"Paul deals at length with the subject of meat-eating Vs vegetarianism in Romans, chapter 14 (happily, indicating a widespread interest in the subject at the time). Basically, his message is that one should not be judgmental towards another... 
"Paul admonishes believers that if their meat-eating offends someone, they should refrain from eating meat. While we should never try to force another into a particular lifestyle, we can certainly educate and encourage others into vegetarianism..."
Despite Frances Arnetta's words, many conservative Christians don't want animal activists to "educate and encourage others into vegetarianism..."
For example, they don't want animal activists pointing out to pro-lifers the direct relevance of animal rights to human rights issues like racism and abortion, the human rights and social justice arguments in favor of vegetarianism (while humans are starving, half the world's grain is fed to livestock!), etc.
Aren't feeding the hungry; treating the body as a temple of God which should not be defiled nor dishonored through antibiotics, hormones, pesticides, poisons and other unhealthy toxins and unhealthy food in general; the institutionalized killing of billions of animals being directly responsible for global hunger, global warming, the energy, environmental, population and water crises; treating animals humanely, and compassionate stewardship over the environment, over all of God's creation, all biblical issues? The editors of the Green Bible, which highlights environmentally-friendly biblical passages might think so.
Can pro-choice Christians shrug off a serious moral issue like the unborn's right to life with pious platitudes like, "Also, since we are all sinners, we should never be proud or judgmental..." ?
What about a pro-choice Christian telling his followers, "You *don't* have to protect the unborn... all you have to do is accept Jesus..." ?
If an on-air personality were to say, "You *don't* have to protect the unborn..." pro-lifers would be up in arms demanding equal time!
And this actually happened, too, in 1990, when CNN's Ted Turner ran the Fund for the Feminist Majority "documentary" Abortion: For Survival without giving equal time to the pro-life side.
Pro-life Christians react to animal rights not as a political issue on par with abortion, nor as a secular moral philosophy, like the abolition of slavery, or the emancipation of women, birth control, the sexual revolution, LGBT rights, etc...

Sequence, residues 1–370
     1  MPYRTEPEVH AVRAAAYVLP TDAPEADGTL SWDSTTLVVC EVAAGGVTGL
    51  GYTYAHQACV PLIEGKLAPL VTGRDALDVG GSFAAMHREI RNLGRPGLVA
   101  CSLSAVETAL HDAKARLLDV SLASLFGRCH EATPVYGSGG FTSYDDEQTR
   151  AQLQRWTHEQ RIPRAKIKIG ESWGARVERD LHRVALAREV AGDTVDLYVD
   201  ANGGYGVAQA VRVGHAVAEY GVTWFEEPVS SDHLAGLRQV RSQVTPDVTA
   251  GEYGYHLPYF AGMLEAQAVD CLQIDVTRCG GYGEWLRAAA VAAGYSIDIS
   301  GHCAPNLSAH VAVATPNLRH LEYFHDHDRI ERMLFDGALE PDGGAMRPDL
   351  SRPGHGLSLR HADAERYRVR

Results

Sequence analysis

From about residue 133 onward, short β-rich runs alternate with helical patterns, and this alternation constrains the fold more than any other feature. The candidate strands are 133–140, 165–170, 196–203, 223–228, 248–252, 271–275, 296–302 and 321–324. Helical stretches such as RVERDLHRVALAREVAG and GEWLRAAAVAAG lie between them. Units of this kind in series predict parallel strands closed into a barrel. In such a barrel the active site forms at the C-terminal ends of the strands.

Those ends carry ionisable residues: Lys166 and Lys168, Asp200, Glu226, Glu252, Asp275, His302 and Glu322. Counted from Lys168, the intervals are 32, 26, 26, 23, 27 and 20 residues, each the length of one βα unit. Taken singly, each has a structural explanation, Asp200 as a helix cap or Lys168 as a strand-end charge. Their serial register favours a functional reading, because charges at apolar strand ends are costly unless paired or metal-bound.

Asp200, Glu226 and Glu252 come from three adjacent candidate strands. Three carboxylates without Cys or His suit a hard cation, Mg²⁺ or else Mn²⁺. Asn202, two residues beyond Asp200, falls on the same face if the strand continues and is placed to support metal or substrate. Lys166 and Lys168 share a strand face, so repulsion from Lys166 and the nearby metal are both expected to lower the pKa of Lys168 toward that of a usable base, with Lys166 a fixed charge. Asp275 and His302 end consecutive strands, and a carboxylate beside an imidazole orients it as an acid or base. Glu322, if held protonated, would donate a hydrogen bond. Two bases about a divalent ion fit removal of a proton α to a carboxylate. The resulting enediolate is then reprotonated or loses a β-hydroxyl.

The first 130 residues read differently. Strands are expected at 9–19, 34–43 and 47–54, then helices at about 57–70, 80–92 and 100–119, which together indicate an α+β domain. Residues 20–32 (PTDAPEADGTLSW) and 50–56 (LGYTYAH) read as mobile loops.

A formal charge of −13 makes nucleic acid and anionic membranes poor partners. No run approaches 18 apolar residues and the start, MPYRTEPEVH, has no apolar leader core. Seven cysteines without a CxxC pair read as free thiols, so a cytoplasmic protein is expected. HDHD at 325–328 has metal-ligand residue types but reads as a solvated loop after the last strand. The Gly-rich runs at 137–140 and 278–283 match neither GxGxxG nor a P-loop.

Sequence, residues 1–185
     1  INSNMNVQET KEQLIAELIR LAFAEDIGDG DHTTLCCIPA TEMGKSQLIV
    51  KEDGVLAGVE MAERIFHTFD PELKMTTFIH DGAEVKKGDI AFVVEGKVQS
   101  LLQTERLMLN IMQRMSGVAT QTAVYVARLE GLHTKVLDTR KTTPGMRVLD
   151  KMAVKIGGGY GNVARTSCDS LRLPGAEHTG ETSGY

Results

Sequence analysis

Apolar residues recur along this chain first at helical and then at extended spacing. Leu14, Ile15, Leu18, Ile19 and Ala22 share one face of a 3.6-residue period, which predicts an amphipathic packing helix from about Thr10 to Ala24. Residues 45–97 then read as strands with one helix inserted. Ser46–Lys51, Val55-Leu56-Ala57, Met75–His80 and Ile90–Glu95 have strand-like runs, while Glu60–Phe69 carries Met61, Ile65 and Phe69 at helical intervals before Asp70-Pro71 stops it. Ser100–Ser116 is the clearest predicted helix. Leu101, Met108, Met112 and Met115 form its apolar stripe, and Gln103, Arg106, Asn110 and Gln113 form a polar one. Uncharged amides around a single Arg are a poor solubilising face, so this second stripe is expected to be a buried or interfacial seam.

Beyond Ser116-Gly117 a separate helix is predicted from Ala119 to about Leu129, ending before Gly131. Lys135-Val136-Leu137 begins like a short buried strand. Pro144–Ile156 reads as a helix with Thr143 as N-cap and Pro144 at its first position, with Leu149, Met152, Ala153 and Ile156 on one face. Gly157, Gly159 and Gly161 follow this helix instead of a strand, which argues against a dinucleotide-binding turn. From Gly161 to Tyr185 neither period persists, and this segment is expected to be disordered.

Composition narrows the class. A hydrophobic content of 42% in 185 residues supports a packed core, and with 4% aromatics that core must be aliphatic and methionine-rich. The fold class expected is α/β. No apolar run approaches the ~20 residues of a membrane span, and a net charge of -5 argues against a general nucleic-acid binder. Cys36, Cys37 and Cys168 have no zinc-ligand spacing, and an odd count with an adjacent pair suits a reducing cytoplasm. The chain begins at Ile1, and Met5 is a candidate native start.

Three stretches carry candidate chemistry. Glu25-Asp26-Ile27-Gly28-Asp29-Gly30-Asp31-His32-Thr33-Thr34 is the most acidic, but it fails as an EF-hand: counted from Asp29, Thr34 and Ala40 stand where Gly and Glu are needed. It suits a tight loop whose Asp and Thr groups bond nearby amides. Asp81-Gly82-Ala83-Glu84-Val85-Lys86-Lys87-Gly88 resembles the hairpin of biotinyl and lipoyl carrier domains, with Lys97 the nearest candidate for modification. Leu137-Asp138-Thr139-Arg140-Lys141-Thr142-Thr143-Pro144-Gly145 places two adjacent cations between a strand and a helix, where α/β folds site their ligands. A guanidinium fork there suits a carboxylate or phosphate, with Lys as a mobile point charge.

...but as someone else's religious belief!
(Ironically, a lot of liberals see abortion that way, too.)
In response to anti-semitic *yawns* can pro-choicers dismiss the idea of a future in which the unborn are protected as wishful thinking by a religious minority (what to speak of a dystopian future, like Margaret Atwood's The Handmaid's Tale)?
Saying "the Bible permits us to kill animals" isn't convincing. The Bible permits the killing of the unborn, too, just as it permits slavery and the subjugation of women. If pro-lifers are going to argue in terms of social progress to protect the unborn, can't animal activists do likewise?
If our relationship with other species is partly an environmental ethics issue; if *how* we protect other species becomes a question of humanitarian and environmental ethics, pro-lifers dismiss it as none of their concern. By their logic, liberals and environmentalists don't have to be pro-life, either?
They're offended by pro-choice vegetarians and vegans, appearing to value animal life over human life under some circumstances, but what about the converse? Why isn't anyone offended by "meat-eating pro-lifers" ? Why is the outrage one-directional?
Pro-lifers dictating to mainstream American society that it's wrong to kill the unborn are not in a position to object when told it's wrong to kill animals.
And pro-lifers have the gall to claim they "cover..." or "do unto others..." !
Pro-lifers show greater hostility when told not to kill animals than pro-choicers show when told not to kill the unborn. That kind of response is completely irrational!
And it merely proves what Pythagoras taught 2,500 years ago: "Those who kill animals for food will be more prone than vegetarians to torture and kill their fellow men."

Go on to: Dr. Tom Regan (1938 - 2017)